Breathing Fire II is Lorna Crozier and Patrick Lane's new selection of Canada's finest young poets.
Nine years ago the first volume of Breathing Fire was published to rave reviews, introducing 31 of Canada's finest new poets to a wide and appreciative audience of readers. The anthology has since gone into several printings and become a basic text in schools and universities across the country. And the poets within, including Michael Redhill, Karen Solie, Tim Bowling, Stephanie Bolster, Michael Crummey, Evelyn Lau, Sue Goyette and Carmine Starnino, have gone on to develop and captivate wide readerships of their own.
Today a new and exciting generation of poets has come of age. Some, including Tammy Armstrong, Adam Dickinson, George Murray, Alison Pick, Shane Rhodes, matt robinson, Laisha Rosnau and Nathalie Stephens, have already put out books, and have even won or been shortlisted for major awards. Others with work just as compelling will be introduced for the first time. Breathing Fire 2 collects the best from all 33 of these writers, proudly presenting the next generation of Canada's poets to the world.
Lorna Crozier has received numerous awards, including the Governor General’s Award, for her fifteen books of poetry, which include The Blue Hour of the Day, What the Living Won’t Let Go, Everything Arrives at the Light, and Inventing the Hawk. She is also the author of the memoir Small Beneath the Sky and the editor of several anthologies. She lives in Saanich, British Columbia.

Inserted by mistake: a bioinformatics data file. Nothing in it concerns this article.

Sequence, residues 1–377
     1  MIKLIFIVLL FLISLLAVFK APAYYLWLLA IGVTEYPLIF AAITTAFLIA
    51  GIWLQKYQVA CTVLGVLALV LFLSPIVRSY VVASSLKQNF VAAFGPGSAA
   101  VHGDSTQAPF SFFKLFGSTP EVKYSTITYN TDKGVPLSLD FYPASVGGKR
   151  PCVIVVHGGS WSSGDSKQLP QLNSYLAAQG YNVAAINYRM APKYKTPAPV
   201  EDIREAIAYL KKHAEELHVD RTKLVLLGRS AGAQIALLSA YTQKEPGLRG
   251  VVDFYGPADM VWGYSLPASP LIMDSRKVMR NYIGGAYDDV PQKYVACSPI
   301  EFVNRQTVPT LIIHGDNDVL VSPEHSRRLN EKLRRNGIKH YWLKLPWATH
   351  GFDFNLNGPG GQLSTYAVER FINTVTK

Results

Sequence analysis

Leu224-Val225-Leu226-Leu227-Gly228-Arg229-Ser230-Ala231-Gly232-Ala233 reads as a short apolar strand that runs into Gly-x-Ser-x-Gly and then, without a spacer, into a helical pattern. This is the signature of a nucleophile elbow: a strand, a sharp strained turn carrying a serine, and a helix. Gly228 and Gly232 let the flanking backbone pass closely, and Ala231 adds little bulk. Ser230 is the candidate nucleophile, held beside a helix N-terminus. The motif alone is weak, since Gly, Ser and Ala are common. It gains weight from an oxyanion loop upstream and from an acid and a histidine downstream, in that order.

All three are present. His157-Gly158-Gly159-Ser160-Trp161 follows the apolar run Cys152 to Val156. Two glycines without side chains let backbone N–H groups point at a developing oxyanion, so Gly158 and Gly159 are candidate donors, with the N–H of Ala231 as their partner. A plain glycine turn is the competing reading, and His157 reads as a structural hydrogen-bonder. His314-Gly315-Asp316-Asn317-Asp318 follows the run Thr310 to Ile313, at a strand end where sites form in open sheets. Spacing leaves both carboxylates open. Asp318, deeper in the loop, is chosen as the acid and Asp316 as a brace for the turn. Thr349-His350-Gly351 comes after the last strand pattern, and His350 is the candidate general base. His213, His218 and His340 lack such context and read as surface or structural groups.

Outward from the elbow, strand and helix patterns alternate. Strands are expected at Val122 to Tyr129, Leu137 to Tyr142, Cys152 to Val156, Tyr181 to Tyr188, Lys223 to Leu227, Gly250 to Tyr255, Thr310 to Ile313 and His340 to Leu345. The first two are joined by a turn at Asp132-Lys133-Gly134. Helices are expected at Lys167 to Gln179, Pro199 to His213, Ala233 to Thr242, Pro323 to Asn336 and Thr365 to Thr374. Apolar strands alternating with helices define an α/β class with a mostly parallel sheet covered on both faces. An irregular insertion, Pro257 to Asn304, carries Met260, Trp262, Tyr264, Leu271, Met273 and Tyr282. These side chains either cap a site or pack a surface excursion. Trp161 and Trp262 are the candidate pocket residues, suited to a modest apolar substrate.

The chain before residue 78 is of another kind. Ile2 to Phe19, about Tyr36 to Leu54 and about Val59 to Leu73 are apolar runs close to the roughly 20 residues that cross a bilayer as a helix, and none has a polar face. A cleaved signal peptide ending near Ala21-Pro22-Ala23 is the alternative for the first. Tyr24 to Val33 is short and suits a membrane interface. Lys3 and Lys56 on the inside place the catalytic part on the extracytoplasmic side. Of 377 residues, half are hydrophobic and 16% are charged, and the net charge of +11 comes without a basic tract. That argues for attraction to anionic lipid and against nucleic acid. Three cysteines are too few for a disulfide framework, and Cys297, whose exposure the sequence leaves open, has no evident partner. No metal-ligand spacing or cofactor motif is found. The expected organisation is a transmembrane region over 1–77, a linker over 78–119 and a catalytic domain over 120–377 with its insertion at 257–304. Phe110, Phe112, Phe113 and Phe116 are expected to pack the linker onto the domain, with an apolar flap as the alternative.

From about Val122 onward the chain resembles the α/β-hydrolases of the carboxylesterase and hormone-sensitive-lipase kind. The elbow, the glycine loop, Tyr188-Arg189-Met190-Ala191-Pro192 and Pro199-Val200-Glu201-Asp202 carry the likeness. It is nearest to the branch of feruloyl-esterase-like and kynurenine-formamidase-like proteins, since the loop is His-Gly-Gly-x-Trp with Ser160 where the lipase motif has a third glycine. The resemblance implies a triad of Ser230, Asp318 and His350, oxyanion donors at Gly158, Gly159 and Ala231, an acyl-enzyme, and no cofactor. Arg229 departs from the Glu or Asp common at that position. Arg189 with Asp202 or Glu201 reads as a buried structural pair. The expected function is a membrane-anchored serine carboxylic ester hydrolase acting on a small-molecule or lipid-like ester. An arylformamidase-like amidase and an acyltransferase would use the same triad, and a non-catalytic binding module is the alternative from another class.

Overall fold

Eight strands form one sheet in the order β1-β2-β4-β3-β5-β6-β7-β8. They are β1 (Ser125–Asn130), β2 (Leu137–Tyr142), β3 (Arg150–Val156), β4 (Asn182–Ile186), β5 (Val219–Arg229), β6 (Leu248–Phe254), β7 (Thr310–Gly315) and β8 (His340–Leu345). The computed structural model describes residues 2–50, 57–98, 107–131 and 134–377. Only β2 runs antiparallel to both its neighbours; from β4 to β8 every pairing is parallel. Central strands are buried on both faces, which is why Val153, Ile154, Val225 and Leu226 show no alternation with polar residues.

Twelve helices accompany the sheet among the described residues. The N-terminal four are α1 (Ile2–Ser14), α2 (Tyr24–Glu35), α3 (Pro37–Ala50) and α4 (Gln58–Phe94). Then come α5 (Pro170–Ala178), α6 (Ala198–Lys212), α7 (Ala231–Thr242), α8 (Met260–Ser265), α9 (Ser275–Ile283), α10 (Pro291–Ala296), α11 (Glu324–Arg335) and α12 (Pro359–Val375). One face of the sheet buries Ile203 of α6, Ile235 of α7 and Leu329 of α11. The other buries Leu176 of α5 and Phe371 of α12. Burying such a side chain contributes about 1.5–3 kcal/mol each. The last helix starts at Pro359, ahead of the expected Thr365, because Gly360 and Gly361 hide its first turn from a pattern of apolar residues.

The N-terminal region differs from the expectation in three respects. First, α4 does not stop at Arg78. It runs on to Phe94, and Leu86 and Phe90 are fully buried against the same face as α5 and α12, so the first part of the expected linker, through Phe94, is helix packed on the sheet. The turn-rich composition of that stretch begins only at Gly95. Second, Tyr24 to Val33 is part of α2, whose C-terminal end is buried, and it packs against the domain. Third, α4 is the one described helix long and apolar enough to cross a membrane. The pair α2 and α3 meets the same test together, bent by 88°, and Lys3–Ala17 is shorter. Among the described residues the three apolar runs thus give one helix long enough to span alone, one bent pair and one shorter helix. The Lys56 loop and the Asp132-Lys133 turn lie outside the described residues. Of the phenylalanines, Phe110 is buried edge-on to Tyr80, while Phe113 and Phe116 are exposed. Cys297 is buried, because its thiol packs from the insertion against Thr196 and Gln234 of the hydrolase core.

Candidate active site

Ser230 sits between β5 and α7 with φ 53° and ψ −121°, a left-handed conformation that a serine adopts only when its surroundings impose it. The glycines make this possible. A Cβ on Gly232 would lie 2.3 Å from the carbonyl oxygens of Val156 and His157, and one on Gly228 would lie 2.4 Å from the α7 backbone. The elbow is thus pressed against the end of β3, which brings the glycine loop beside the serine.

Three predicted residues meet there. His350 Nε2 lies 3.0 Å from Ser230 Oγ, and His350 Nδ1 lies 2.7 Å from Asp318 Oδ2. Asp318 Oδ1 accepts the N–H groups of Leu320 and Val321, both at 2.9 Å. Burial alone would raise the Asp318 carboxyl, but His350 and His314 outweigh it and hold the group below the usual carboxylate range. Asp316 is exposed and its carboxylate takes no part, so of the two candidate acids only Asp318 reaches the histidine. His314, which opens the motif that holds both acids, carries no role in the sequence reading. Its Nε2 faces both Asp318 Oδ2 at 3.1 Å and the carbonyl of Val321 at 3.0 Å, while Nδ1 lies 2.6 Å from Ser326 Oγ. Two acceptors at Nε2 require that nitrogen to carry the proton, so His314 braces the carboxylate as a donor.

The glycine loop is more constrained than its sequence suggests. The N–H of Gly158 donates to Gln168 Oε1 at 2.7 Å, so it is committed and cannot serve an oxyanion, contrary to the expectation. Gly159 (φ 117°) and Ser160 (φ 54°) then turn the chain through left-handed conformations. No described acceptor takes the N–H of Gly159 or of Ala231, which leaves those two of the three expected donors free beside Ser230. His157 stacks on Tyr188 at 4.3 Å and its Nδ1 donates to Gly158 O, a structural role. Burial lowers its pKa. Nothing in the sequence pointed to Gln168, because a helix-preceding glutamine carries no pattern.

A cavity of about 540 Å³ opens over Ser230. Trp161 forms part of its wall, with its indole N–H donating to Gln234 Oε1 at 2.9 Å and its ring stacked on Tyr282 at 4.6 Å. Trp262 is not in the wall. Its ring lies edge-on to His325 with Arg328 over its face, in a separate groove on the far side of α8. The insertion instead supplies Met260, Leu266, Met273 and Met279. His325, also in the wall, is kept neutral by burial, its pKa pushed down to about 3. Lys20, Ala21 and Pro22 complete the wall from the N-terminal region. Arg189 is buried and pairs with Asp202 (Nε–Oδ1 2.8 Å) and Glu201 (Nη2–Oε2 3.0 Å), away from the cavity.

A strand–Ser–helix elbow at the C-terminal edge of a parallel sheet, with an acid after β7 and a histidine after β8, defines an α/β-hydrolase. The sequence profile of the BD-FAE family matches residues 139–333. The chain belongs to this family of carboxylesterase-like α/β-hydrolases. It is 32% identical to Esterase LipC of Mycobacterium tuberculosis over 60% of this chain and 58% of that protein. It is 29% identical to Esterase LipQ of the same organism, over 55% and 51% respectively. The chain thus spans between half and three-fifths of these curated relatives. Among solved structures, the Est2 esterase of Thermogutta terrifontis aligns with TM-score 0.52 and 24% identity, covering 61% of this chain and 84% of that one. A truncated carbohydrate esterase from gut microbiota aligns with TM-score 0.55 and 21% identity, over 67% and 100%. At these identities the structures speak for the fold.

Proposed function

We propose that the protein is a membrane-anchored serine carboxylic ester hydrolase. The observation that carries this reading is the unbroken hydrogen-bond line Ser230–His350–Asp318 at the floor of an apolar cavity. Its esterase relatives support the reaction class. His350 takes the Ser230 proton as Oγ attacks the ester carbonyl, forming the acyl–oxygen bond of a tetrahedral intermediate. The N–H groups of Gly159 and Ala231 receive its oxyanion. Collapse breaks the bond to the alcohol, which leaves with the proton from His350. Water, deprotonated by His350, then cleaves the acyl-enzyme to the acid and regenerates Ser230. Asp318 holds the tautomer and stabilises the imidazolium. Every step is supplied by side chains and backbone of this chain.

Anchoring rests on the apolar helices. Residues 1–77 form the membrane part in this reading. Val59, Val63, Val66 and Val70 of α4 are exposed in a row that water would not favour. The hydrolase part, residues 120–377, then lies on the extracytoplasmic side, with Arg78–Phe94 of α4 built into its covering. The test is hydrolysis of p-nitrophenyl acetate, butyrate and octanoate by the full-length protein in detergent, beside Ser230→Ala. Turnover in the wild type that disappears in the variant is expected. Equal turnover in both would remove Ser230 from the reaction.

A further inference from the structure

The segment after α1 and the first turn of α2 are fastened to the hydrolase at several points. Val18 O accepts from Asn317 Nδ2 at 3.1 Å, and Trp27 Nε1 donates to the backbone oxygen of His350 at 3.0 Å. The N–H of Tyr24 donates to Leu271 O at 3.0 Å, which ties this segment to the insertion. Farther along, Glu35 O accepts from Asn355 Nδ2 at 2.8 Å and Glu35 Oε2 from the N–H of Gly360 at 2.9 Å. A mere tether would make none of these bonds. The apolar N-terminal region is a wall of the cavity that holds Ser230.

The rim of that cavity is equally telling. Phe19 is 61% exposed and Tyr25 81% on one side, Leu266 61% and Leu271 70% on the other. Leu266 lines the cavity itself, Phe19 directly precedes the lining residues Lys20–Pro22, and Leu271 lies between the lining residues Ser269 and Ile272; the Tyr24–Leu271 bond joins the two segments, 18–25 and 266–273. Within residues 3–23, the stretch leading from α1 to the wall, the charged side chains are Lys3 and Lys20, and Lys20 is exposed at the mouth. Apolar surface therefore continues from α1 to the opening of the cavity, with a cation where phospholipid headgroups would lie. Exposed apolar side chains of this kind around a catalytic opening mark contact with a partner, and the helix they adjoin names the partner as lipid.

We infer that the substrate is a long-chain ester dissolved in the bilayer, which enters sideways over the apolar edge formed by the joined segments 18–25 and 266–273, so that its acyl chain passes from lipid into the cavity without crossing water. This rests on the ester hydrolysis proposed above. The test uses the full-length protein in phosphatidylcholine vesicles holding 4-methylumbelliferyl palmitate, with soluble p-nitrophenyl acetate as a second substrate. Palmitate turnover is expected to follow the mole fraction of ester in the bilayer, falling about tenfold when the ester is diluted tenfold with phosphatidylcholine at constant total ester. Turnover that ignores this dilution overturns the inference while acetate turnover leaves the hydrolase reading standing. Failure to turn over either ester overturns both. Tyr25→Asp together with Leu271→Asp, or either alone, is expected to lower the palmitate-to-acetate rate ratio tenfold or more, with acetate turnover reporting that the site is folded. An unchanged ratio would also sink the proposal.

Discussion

Patrick Lane, considered by most writers and critics to be one of Canada's finest poets, was born in 1939 in Nelson, BC. He grew up in the Kootenay and Okanagan regions of the BC Interior, primarily in Vernon. He came to Vancouver and co-founded a small press, Very Stone House, with bill bissett and Seymour Mayne. He then drifted extensively throughout North and South America. He worked at a variety of jobs, from labourer to industrial accountant, but much of his life was spent as a poet. He was also the father of five children and grandfather of nine. He won nearly every literary prize in Canada, from the Governor General's Literary Award to the Canadian Authors Association Award to the Dorothy Livesay Prize. In 2014, he became an Officer of the Order of Canada, an honour that recognizes a lifetime of achievement and merit of a high degree. His poetry and fiction have been widely anthologized and translated into many languages. His more recent books include Witness: Selected Poems 1962-2010 (Harbour Publishing, 2010), The Collected Poems of Patrick Lane (Harbour Publishing, 2011), Washita (Harbour Publishing, 2014; shortlisted for the 2015 Governor General's Literary Award), Deep River Night (McClelland & Stewart, 2018) and a posthumous collection, The Quiet in Me (Harbour Publishing, 2022). Lane spent the later part of his life in Victoria, BC, with his wife, the poet Lorna Crozier. He died in 2019.